Cross Country and Swim Team
How has the pandemic affected the fall season?
By Natalie Bohorquez
Change has become a massive part of 2020, primarily to sports. Due to COVID-19, rules are being provided to keep every player, coach, and parent safe to ensure everyone can continue to enjoy watching and participating in meets. How is covid affecting Cross Country?
They start their 2020 season off winning 1st place at the Bicentennial park meet. Still, several rules were given while at Bicentennial and the meets to come. Participants were required to wear a mask at the starting line and were only allowed for it to be taken off only right before the starting gun. The course has been widened to 6ft, and there are no longer any award ceremonies at the end of races. Visitation and socializing with other teams are strictly prohibited in order to reduce the chances of spread. Senior runner, Aiden Calderon-Wyant, says, “There seems to have been fewer meets this year, and sometimes they limit the number of people watching and even participating in the meets to be safe and control the size capacity. Though Transportation continues as usual in the past year for Cross Country meets, we are provided with a school bus, our temperatures are taken before we board and we must wear our masks on the bus, and we have the window open for ventilation.”
However, relocations and reschedules continue to happen, causing them to additionally cancel meets. Freshman runner Shea Fagan says, “We have had quite a few meets rescheduled; some were from hurricane sally because of the meet locations being destroyed in the storm.” Even then, they have not had to forfeit any meets, and scoring has remained the same as last year.
Amazingly, the cross country’s size has increased! In fact, due to covid, Calderon also states, “Covid didn’t affect the number of people. We actually have had double the amount of people on the team this year compared to last year; we now have a full varsity team of 10.” Extra precautions are being taken with virtual students on the team according to the local guidelines established. Every day, runner’s temperatures are taken by coach Parmer and are even required to wear masks at practice except when running. Fagan adds, “The biggest struggle has been wearing masks every time we aren’t running at practice and meets. Still, our team will deal with covid preventions by continuing to wear a mask when not running, and even though it’s different, we’ll still proceed to put the same amount of effort in as any other year.”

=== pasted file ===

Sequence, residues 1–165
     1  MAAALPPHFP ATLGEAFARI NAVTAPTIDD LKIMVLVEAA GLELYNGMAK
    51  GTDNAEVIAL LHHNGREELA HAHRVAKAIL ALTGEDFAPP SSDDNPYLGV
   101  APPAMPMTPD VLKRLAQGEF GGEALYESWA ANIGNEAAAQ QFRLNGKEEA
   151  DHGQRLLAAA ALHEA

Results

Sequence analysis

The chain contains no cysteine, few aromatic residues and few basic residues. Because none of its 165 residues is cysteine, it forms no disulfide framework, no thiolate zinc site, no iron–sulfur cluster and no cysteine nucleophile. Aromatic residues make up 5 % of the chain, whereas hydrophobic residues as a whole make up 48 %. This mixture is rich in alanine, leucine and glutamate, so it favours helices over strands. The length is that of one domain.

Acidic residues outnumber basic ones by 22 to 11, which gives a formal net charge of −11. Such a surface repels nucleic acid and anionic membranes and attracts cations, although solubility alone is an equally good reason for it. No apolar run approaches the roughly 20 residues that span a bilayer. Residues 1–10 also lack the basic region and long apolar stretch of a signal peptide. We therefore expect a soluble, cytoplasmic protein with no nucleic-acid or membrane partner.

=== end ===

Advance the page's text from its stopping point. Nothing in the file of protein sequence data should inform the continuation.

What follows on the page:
by Ellery Scott
COVID-19 has definitely left its mark on our everyday lives, but what about our lives involving sports? We recently asked two FHS varsity swimmers about how Covid has impacted their season. Senior Trent Mayr says that no teams have forfeited, but meets have been cancelled and some teams have not been able to compete or be able to travel due to COVID.
We assumed there have been struggles along the way and we’ve been told we are correct. “The biggest struggle is probably the social distancing, mostly because there isn’t a lot of room to spread out,” said sophomore Stephen Laraway. Mayr commented that “the biggest struggle in practice was limited people per lane due to social distancing regulations. The biggest struggle at meets would be having to wear masks at all times. Getting out after an all out race and trying to catch your breath with a mask on is not ideal.”
We also wondered about the meets and whether they had been impacted as well. “Our meet schedule has been changed significantly,” said Mayr. “Half the amount of meets, less traveling, and cancelled sectional meets. Our state meet got moved from Auburn University, where it’s been held for years, to the Huntsville Aquatic Center.” Laraway added that (their) county meet – where every school in the county competes – is now split up into two sessions: one for the girls and one for the boys.
There have been new safety precautions put into place for the football team. Has the swim team been impacted by the additional safety precautions as well? “Masks are required on the pool deck and on meet days, we have to spread our chairs away from each other. We take our masks when we get into the water. If you aren’t swimming, then you should be wearing a mask,” said Laraway. Mayr commented,“(We) are attempting to keep masks and social distancing as best as possible. We have not allowed any spectators to come to our meets this season to try and make things safer.”
Although our swimmers have faced many challenges this season, they have continued to persevere and make Fairhope High School proud.